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Miami Dolphins Offseason Overview: Offensive Line

Michael PintoSenior Writer IMarch 1, 2010

MIAMI - NOVEMBER 09:  Offensive linemen Vernon Carey #72 and Jake Long #77 of the Miami Dolphins talk between plays while taking on the Seattle Seahawks at Dolphin Stadium on November 9, 2008 in Miami, Florida. The Dolphins defeated the Seahawks 21-19.  (Photo by Doug Benc/Getty Images)
Doug Benc/Getty Images

The Miami Dolphins' offensive line is the deepest and most talented unit on the roster.

Jake Long made his second consecutive Pro Bowl appearance in 2009, starting for the AFC instead of coming in as an injury replacement like he did the year before.

In his two seasons, Long has established himself as a top-tier left tackle. The former No. 1 overall pick is a bulldozing run blocker and is nearly as good in pass protection.

Long had issues in his first year with the league’s faster and more athletic defensive ends but erased those concerns with an impressive 2009 campaign.

He should be a fixture on the left side of Miami’s line for next five to 10 years. There are only a handful of tackles who do it better than the 24-year-old, and he’s improving at a rapid rate.

He isn’t the only Miami player to receive national attention.

On his 2009 NFL All-Pro Team, Peter King of Sports Illustrated listed Dolphins right tackle Vernon Carey as his first team starter at the position. Carey topped Len Pasquarelli’s rankings on ESPN.com as well.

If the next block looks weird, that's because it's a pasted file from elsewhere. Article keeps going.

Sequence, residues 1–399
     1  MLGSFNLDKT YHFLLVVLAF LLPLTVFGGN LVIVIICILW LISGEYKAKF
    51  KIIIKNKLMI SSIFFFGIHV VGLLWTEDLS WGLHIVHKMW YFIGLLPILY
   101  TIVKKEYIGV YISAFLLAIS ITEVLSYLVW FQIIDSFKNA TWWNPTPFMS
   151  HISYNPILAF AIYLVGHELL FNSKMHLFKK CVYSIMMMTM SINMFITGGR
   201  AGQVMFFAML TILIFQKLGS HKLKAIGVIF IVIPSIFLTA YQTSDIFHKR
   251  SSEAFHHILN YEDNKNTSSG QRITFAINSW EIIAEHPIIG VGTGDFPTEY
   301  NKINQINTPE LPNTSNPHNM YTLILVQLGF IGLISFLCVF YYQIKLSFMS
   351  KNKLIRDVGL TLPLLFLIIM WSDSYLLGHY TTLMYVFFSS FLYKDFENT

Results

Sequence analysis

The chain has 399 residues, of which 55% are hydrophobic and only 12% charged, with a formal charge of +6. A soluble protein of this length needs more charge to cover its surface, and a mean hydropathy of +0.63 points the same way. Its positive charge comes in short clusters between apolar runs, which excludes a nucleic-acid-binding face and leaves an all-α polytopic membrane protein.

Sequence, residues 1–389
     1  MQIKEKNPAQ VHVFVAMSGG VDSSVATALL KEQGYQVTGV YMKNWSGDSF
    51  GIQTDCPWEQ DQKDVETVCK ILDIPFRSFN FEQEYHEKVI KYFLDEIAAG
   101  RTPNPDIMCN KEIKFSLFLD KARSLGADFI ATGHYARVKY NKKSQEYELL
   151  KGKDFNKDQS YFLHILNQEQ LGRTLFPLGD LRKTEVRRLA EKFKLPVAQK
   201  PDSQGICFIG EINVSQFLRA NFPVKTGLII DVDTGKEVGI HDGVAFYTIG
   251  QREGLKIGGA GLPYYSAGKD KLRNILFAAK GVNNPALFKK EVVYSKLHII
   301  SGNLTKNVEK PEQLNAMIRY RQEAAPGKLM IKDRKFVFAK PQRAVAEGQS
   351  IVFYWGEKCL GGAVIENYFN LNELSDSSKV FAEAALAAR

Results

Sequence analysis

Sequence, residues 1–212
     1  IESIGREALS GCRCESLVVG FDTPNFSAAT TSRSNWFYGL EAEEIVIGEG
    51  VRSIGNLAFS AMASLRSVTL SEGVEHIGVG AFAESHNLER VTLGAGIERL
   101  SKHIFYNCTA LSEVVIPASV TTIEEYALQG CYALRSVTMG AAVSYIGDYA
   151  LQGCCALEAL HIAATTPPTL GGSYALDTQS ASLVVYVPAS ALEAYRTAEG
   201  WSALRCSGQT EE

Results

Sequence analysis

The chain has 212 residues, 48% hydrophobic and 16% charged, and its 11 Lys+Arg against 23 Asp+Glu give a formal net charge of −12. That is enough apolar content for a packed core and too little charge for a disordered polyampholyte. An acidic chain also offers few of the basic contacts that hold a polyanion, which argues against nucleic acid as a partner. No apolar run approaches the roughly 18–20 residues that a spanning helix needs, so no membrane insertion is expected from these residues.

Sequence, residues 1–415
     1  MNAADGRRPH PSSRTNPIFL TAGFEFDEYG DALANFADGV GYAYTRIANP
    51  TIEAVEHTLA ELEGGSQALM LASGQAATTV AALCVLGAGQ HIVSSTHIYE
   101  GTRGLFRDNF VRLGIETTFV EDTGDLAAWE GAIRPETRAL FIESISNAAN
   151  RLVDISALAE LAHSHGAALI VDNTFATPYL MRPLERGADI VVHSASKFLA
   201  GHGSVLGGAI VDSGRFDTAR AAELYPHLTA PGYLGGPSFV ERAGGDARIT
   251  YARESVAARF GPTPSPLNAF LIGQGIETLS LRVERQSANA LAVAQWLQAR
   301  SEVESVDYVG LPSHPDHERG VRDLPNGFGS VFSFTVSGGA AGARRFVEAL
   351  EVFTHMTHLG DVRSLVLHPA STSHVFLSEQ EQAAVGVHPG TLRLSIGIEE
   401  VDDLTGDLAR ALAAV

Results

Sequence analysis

Since the Dolphins drafted him in 2004, Carey has started every game of his career at either left or right tackle. At 6’5” and 340 lbs, he’s the largest member of Miami’s front five and plays ever bit his size.

He’s physical, consistent and is one of the best run blockers in the NFL. Against the league’s quicker defensive ends, Carey struggles at times, but at right tackle the weakness is minimized since most speed rushers line up against the left tackle.

With Carey and Long anchoring the line and controlling the edges, Miami’s guards are able to focus on pulling blocks and doubling down on opposing defenses’ nose tackles, which opens up the running game in a number of ways.

Justin Smiley was signed as a free agent before the 2008 season and established himself as an All-Pro talent at left guard before a broken leg derailed his year in Week 12. In 2009, he struggled with injuries again but only missed one game because of it—back problems limited his production throughout the season though.

When Smiley is healthy, he’s one of the best in the business. Unfortunately, he’s been labeled as injury-prone, and the stats tend to agree with that label—he’s missed 13 games in the last three seasons.

With Smiley limited, Nat Garner emerged as a starting caliber option for the Dolphins after being elevated off the practice squad midway through the season.

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Garner initially was expected to be an injury replacement but blew away the coaching staff with his production. Against the Carolina Panthers, Garner started in place of Smiley and ended up rotating at four positions along Miami’s offensive line—left guard, center, right guard and right tackle.